The New York City Department of City Planning (DCP) provided greater detail on its proposal to rezone nearly 56 blocks of the SoHo and NoHo neighborhoods of Manhattan, which includes the following key features:
- Residential use would be permitted for the first time on an as-of-right basis throughout the rezoned area, provided that affordable units are set aside for most residential developments, enlargements and conversions pursuant to the Mandatory Inclusionary Housing (MIH) program.
- Ground-floor retail use would be permitted as of right throughout, including department stores and other large Use Group 10 retail uses. The draft scope did not specifically identify the areas where these larger retail uses would be permitted.
- Existing bulk controls would be modified to allow for greater density, although “contextual” zoning controls that limit building heights would apply over substantially all of the rezoned area.
This information was provided by DCP in its draft scope for the Environmental Impact Statement (EIS) that is at the core of the environmental review process required in connection with the rezoning. The draft scope represents the broad outlines of what DCP will study in the EIS, and it provides a preliminary view of what the proposal would ultimately encompass. DCP planners have previously stated their intention to ask the City Planning Commission (CPC) to certify the proposal and begin the public review process under the Uniform Land Use Review Procedure (ULURP) by early to mid-2021.
Most of SoHo/NoHo is currently zoned within M1-5A or M1-5B zoning districts that were mapped in the mid-1970s. Within these zoning districts, living space is restricted to “joint living-working quarters for artists,” who must undergo a certification process by the city’s Department of Cultural Affairs. Operation of most commercial uses, including retail, is restricted as a matter of right below the second story of buildings and is allowed only by CPC special permit. Much of the area is also located within historic districts designated by the Landmarks Preservation Commission (LPC), requiring LPC approval for most alterations or enlargements of existing buildings and for all new construction.
DCP’s proposal includes the creation of a Special SoHo/NoHo Mixed Use District. This special district would be divided into eight subareas where different use and bulk controls would apply. The map below shows the boundaries of the special district and its subareas, while the table below shows the maximum allowable floor area ratio (FAR) for each subarea:
*Image and table prepared by the Department of City Planning.
The special district zoning text would include several provisions modifying the use and bulk regulations that otherwise would apply in the underlying zoning districts. With respect to use regulations, department stores and other large Use Group 10 retail uses would be permitted in certain areas not specifically identified in the draft scope. Physical culture establishments (e.g., fitness centers, yoga studios, massage parlors) would also be permitted as of right at least in certain areas (also not identified in the draft scope); for many years this use has been permitted only by special permit of the Board of Standards and Appeals, but more recent zoning changes have allowed it on an as-of-right basis. Special use restrictions would apply to residential developments, enlargements or conversions on certain zoning lots with large preexisting, nonresidential buildings, the minimum size of which has not been identified. For such zoning lots, most of which are on Broadway, an equal amount of nonresidential floor area would need to be maintained in perpetuity on the zoning lot, subject to a CPC chairperson certification. The joint living-working quarters for artists use would remain, with a mechanism created to facilitate a transition to a standard Use Group 2 residential use with expanded home occupation allowances.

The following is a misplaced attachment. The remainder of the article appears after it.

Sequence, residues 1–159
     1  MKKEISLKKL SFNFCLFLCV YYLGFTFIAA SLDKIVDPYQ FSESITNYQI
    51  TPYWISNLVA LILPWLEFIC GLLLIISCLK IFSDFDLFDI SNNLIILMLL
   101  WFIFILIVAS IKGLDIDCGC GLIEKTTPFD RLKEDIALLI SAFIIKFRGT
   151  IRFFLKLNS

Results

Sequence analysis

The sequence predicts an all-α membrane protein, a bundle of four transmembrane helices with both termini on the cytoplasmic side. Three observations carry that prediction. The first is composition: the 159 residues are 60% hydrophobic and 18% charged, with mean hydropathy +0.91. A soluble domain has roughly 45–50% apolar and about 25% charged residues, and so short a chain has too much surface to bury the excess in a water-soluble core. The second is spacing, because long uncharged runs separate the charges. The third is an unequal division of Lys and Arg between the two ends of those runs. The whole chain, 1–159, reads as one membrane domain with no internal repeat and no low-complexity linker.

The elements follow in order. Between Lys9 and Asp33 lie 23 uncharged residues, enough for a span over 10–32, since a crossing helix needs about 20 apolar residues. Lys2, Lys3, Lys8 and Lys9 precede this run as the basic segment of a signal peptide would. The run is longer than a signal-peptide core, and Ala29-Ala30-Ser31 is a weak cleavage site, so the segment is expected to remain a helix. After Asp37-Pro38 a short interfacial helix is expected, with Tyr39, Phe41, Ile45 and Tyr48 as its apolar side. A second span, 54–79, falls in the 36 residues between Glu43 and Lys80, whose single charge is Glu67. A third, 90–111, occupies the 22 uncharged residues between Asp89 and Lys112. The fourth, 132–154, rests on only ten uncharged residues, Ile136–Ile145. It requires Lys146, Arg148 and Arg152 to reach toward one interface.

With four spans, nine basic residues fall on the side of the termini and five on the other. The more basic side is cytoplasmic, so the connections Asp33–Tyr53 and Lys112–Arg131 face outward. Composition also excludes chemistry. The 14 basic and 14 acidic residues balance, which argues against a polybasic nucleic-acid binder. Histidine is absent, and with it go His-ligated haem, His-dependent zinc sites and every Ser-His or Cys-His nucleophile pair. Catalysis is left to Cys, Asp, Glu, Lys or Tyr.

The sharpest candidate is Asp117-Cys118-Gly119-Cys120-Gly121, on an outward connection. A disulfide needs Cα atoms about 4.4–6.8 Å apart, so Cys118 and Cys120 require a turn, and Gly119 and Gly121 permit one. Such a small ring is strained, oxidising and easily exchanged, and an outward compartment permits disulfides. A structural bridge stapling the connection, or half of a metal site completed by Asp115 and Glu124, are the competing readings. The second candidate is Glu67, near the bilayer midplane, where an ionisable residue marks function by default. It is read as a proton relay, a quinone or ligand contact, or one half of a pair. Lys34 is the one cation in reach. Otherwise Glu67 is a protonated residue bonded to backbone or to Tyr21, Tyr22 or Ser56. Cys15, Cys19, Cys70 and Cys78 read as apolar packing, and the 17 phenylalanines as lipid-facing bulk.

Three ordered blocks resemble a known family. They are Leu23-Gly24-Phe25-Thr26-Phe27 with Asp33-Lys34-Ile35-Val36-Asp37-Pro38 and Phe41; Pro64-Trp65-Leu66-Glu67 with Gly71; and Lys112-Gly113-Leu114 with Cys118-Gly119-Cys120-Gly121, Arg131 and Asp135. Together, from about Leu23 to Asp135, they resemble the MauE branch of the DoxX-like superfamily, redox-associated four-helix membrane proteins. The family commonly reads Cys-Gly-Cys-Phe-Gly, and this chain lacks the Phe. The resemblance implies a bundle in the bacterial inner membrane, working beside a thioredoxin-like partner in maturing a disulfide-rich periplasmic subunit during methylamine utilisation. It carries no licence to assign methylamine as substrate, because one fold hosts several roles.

With respect to bulk regulations, maximum allowable FARs would be applicable according to the table above. Without providing further detail, the draft scope document also alludes to other possible bulk modifications that may be applied to the M1-6/R10 zoning district proposed in certain subareas. Typically, towers with no maximum building heights are permitted in R10 zoning districts; the draft scope does not specify whether such towers would be permitted in the special district.
The draft scope will be formally presented for public feedback at a public scoping meeting, held virtually on Dec. 3. The next step in the environmental review process would be finalization of the scoping document, followed by DCP’s preparation of the EIS, which must be completed in draft form before the CPC certifies the ULURP application and allows it to undergo formal public review.